We understand that in the wake of the COVID-19 crisis, employers are facing various issues such as remote work, furloughs, pay cuts and termination. We have briefly addressed some key aspects in the H-1B context below in an effort to provide clarity and guidance as you navigate through unique issues during this unprecedented time.
Work from Home
Due to the ‘shelter in place’ mandate across multiple states in America, many employees are required to work from home, including the H-1B workers. If the H-1B worker’s home is within the same Metropolitan Statistical Area (MSA) as his normal work location, no new LCA and/or H-1B amendment petition is required. The employer just needs to post a notice at the home office location for 10 days. In the COVID-19 context, the DOL has stated that the notice will be considered timely when placed “as soon as practical and no later than 30 calendar days after the worker begins work at the new worksite location.”
If the H-1B worker’s home is located outside the MSA of his primary worksite, the “short-term placement” option can be availed in such a case (without filing a new LCA and/or amendment petition). Short-term placement permits placement of an H-1B worker at a worksite (not listed in the approved LCA) for up to 30 workdays per year provided other terms and conditions of employment remain the same; placement may be extended for an additional 30 working days (but for no more than 60 working days within one year), provided the worker maintains ties to his primary and permanent worksite.
Furloughs and Termination
Under the regulations, H-1B workers may not be furloughed or placed on unpaid leave if the employer is unable to pay their wages during that time. Employers who are unable to continue to pay the required H-1B wage (as set forth on the certified LCA) should file an amended H-1B petition for a reduced wage (as a wage change would likely be considered a material change) provided it meets the prevailing wage. Alternatively, the employer can terminate the employment of the H-1B worker, but must pay for the worker’s return to his country and also notify the USCIS of such termination and withdraw the LCA filed with the DOL.
Employers who bench H-1B workers without pay run the risk of being subject to fines, back wages and potentially debarment from immigration programs.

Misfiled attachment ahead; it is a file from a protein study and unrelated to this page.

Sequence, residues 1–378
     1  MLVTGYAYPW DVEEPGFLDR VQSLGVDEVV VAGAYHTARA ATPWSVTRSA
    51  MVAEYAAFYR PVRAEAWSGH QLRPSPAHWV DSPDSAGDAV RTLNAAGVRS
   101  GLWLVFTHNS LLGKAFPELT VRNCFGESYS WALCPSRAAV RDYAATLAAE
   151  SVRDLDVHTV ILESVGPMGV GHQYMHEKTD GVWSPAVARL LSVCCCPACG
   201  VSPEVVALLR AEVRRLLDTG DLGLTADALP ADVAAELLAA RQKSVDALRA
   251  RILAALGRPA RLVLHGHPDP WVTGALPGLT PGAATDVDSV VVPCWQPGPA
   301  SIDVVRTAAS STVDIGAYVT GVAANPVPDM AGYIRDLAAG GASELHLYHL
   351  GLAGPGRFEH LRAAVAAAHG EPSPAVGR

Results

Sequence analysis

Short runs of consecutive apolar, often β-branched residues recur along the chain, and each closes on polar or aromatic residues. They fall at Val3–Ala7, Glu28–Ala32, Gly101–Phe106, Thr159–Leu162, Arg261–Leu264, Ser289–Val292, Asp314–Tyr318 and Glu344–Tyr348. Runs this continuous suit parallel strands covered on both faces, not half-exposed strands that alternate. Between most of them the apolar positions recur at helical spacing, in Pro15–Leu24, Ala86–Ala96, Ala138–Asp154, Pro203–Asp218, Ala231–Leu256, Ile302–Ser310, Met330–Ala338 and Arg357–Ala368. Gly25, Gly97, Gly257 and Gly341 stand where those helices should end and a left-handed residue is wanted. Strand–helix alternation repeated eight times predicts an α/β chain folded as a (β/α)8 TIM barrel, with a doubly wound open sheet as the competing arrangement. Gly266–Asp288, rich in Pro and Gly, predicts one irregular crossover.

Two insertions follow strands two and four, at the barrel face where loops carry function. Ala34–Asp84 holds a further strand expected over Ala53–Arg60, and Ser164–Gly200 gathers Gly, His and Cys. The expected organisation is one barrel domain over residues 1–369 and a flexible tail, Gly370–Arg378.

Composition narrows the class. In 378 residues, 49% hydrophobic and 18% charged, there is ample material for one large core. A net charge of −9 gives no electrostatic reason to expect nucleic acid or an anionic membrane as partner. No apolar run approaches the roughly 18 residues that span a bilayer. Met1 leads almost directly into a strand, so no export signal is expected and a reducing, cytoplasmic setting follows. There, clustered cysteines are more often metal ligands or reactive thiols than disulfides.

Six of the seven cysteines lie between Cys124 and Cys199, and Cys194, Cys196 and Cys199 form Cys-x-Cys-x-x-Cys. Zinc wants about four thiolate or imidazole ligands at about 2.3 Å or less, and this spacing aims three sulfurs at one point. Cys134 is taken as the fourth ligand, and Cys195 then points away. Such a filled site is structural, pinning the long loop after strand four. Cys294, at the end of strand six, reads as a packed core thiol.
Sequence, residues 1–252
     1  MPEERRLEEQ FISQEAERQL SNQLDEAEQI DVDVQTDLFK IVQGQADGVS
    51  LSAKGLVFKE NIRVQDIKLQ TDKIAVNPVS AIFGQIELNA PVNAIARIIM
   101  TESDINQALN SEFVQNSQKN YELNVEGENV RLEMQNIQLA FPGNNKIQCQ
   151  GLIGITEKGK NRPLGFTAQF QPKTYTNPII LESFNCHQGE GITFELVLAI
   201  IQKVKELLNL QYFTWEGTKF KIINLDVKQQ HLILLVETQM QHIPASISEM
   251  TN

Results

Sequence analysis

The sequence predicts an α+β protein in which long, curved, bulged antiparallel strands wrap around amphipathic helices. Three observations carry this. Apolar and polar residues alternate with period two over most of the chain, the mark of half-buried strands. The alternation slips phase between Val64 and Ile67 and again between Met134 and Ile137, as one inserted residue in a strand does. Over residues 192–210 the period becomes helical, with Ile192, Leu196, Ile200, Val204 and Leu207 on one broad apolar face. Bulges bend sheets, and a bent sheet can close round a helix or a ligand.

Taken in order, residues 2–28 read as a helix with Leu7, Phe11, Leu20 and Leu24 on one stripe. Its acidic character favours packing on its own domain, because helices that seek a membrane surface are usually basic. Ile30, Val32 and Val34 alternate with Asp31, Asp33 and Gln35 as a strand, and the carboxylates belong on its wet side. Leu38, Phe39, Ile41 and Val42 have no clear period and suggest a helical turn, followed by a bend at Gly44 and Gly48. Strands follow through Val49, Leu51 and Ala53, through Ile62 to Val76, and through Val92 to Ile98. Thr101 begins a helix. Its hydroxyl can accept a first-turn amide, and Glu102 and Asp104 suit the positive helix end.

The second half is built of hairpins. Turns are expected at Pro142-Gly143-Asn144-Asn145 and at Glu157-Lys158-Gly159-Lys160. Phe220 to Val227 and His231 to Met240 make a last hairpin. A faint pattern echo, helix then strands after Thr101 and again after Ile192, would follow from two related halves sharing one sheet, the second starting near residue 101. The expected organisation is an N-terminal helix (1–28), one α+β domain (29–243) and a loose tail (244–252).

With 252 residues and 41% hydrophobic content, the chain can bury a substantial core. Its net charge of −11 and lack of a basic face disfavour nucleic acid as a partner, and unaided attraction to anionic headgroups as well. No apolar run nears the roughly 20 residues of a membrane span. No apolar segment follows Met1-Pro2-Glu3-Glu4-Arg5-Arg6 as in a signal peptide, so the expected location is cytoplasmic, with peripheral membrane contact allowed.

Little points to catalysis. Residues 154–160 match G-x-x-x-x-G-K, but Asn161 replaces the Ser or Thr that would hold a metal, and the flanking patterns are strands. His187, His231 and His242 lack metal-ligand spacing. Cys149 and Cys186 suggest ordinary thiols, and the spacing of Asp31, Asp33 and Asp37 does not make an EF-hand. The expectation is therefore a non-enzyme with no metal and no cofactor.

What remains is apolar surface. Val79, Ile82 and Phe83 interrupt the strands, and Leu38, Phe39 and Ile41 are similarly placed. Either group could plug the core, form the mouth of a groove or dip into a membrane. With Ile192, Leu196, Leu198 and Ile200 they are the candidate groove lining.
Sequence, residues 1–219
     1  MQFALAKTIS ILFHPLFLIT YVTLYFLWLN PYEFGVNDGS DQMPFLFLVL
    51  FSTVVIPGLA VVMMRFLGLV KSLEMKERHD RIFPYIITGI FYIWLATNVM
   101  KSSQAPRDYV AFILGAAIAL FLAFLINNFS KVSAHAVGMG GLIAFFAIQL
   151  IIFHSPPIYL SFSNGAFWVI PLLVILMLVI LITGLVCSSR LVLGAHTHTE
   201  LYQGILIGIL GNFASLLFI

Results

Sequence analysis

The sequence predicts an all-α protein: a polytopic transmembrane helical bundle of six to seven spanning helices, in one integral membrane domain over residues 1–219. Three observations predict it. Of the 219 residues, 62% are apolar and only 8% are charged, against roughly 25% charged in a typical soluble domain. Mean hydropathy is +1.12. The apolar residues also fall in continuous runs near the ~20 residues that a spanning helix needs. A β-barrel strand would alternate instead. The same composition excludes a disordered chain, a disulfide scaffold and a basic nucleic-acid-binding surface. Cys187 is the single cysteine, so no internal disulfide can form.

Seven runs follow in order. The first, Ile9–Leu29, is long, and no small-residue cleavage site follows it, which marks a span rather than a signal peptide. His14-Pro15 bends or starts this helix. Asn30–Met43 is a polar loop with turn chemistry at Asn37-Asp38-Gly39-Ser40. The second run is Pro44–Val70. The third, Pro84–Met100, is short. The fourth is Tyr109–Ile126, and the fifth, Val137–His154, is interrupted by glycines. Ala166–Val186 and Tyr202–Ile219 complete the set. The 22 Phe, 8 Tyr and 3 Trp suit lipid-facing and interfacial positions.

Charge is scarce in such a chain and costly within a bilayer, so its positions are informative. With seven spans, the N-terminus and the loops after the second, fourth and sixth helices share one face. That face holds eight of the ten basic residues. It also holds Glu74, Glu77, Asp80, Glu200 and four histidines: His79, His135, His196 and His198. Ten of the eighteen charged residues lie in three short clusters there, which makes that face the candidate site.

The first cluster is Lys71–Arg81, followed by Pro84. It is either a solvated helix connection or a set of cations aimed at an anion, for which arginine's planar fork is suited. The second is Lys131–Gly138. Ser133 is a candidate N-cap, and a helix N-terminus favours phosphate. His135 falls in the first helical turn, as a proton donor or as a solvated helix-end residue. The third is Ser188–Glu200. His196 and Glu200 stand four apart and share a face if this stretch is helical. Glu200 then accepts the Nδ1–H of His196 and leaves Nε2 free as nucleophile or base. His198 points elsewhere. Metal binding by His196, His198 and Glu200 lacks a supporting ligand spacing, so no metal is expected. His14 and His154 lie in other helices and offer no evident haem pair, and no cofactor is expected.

Reduced Wages and Hours
The employer is required to pay the wages as listed on the LCA certified by the DOL. Typically, a change in the worker’s wage or hours such as from full time to part time would be considered as material and the safest course here would be to file a new LCA to reflect the changes and an amended H-1B petition. Also, an H-1B worker’s salary cannot be reduced below the prevailing wage for the applicable geographic area nor below that of similarly situated U.S. workers.
Guarantees of stock options are not considered wages by the DOL in the H-1B context and thus any such guarantee to supplement or make up for the reduced wages could potentially trigger employer liabilities. However, the grant of a guaranteed (unconditional and non-contingent) bonus which is paid later as salary may satisfy the wage obligation but there’s uncertainty at the moment as to how DOL would view this. There is a chance that the DOL will take a liberal view of this in view of the unprecedented COVID-19 situation.
Paycheck Protection Program – Under the federal government’s Paycheck Protection Program, small businesses (having fewer than 500 employees) can avail of low-interest loans from the government to pay their employees’ salaries unto a cap of $100,000 salary per annum (including salaries of H-1B workers), among other things. The maximum loan granted will be equal to 2.5 times the average monthly payroll costs for the previous calendar year, up to $10 million. If certain conditions are met, the full principal loan amount could be forgiven.
Grace Period upon Termination
Upon employment termination, the H-1B worker is allowed a grace period of up to 60 days (or until the existing H-1B validity period ends, whichever is shorter). While the worker cannot work during the grace period, he may lawfully remain in America. During this period, he may be eligible to change employers or change his status from H-1B to F-1 (student) or B1/B2. The change of status must be considered and filed before the end of the 60-day grace period to ensure there is a timely filing.
Penalties for Non-Compliance
Employers that fail to comply with H-1B wage requirements may be subject to the following:
- monetary civil penalties;
- back wages as stated in the LCA to be paid to H-1B employees;
- debarment from use of the H-1B program; and
- other administrative remedies as appropriate.